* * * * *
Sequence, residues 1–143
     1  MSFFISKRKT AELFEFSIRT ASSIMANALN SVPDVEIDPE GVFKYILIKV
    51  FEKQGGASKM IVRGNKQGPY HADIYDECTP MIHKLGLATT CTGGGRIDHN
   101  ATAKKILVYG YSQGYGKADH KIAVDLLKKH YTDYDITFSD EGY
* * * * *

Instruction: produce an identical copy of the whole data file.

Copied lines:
Sequence, residues 1–143
     1  MSFFISKRKT AELFEFSIRT ASSIMANALN SVPDVEIDPE GVFKYILIKV
    51  FEKQGGASKM IVRGNKQGPY HADIYDECTP MIHKLGLATT CTGGGRIDHN
   101  ATAKKILVYG YSQGYGKADH KIAVDLLKKH YTDYDITFSD EGY